Story by Trends Publishing
Photography by Jamie Cobeldick
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A major upgrade of the Akoranga Library at the Auckland University of Technology's (AUT) Akoranga campus has a strong emphasis on social interaction and environmental sustainability
A well-considered library environment will provide a visually stimulating experience for students – one where the design encourages them to explore resources beyond their immediate focus.
When Jasmax was asked to provide a substantial upgrade to the existing library at AUT's Akoranga campus, a sense of social interaction helped dictate the form of the project. Alongside this agenda, Jasmax created a standing lesson in environmentally sustainable design.
Marko den Breems was principal architect on the forward-looking upgrade.
"Our brief was to expand the original 1100m2 library space to a 2500m2 educational facility. The building, running east to west, has had structures added along the south and east faces."
Internally, the upgraded building can be seen as a series of zones, with the facades reflecting interior changes in use.
Varying floor levels between all three zones are accentuated by connecting voids, allowing the students to catch a glimpse of activity elsewhere. This might mean glancing through from an IT lab to a print pod, from a reference stack to an open study area. The visually connected zones break down as follows.
Firstly, the void in the original library building has been retained to create a welcoming entry zone. This houses the public areas of the learning centre – lending desks, lounge spaces and study desks.
South of this is a new services zone, a lofty translucent structure acting as a mediator between the existing building and the third IT zone, lying further to the south and to the east. The services zone plays a pivotal role in the building's social dynamic. For example, in this tallest structure, there are children's play areas, separate from the adjacent learning zones, but visible from them, allowing parenting students to keep one eye on their studies and another on their charges.
In addition to creating a structure with a social heart, the learning centre upgrade reflects the university's guiding principle of Kaitiakitanga – or sustainable development. This was approached in several ways, with the facades of the structure playing an important role.
A mesh screen, set out from the building on the north side, provides solar control. Deciduous climbers will be grown over the screen to create a wall that changes with the seasons and provides denser cover in summer.
The south wall has a similar pattern, this time in wood, accepting only directional sunlight – also reducing solar gain.
Apart from the computer suites, natural ventilation is used in all areas. Air conditioning for the computer room draws in and cools fresh air through wide underground ducts that vent through the floor. As the air warms, it rises and is vented out through ducts in the ceiling.
In the original building, steel trusses have been exposed to assist airflow, with changes to the skylights also helping - the new windows venting hot air and allowing fresh air to enter and cool the building. The windows operate automatically, guided by temperature and wind direction. Exposed concrete ceilings in the extension contribute to mild temperatures.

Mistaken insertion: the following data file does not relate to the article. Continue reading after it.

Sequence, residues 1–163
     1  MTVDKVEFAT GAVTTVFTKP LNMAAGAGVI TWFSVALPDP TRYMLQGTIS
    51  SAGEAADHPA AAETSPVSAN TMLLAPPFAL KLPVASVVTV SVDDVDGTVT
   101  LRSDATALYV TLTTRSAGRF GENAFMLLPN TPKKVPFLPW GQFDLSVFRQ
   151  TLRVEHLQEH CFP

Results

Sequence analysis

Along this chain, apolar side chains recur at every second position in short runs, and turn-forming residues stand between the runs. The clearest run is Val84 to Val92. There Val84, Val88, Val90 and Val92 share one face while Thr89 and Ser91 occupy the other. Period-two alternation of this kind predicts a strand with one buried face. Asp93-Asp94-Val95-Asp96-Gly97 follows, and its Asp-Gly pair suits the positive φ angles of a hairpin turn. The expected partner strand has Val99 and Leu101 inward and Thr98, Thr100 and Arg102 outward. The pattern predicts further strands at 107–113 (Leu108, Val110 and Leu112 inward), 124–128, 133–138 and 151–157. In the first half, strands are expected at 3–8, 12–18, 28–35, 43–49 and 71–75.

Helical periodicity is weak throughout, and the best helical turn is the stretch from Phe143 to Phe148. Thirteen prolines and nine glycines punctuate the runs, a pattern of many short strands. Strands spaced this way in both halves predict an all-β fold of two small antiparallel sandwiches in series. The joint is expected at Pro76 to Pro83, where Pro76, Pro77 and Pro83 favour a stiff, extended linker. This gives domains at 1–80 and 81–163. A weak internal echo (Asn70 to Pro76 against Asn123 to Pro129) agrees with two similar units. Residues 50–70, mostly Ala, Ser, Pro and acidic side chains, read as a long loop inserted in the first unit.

Whilst the services zone may appear as a three-storey space from the outside, the upper two levels are in fact one, acting as a stack ventilator shaft for the greater library structure. Fresh air, drawn from the cooler, south side of the building, is channelled over an external pond and waterfall, then on up through the services zone, which acts like an air cooling tower.
The extension also addressed issues of water usage, with 2,500 litre detention tanks installed to capture rain water off the library roof. This water is then utilised for flushing toilets, at the same time reducing strain on the building's storm water system – saving the AUT in both water and waste water charges.
Energy efficient light fittings reduce power usage for the building with a combination of local and automated controls meaning lights are only on when needed.
In addition to maximising energy efficiency now, the building design is also future-proofed for additional changes. While the concrete cooling vents are only in place on the ground level of the IT zone, holes have been punched through the steel structure, allowing for similar inclusions on the upper floor when this, too, becomes home to computer laboratories. This zone has a special cooling focus due to its high heat gain from the computers and high occupancy rate.
"From interconnecting voids, to the rain water catchments, every element of this upgrade offers a direct response to its environment and use," says den Breems. "It is also an educated response to the future."
First published date: 21 April 2006
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|Location||Akoranga Library, AUT, Auckland, New Zealand|
|Architect||Jasmax; project architect, Marko den Breems, NZI|
|A; team members||Stephen de Vrij, Ronald Chin, Chris Fahrenson, Anthony Heard, Sarah Hayden, Sampdeep Ram, Graham Rose, Jerome Partington, Shirley Chin|
|Main contractor||Haydn + Rollett Construction|
|Civil and structural engineers||Holmes Consulting|
|Mechanical and electrical engineer||Tricia Love Consultants|
|Quantity surveyor||Davis Langdon|
|Fire consultant||Holmes Fire and Safety|
|Cladding||Alsynite Profile Trans Cladding|
|Window and door joinery||Framerite|
|Hardware||Ingersol from Rand|
|Flooring||Cavalier Bremworth carpet|
|Wallcoverings||Resene from Toni Smith|
|Lift services||NZ Engineering Services|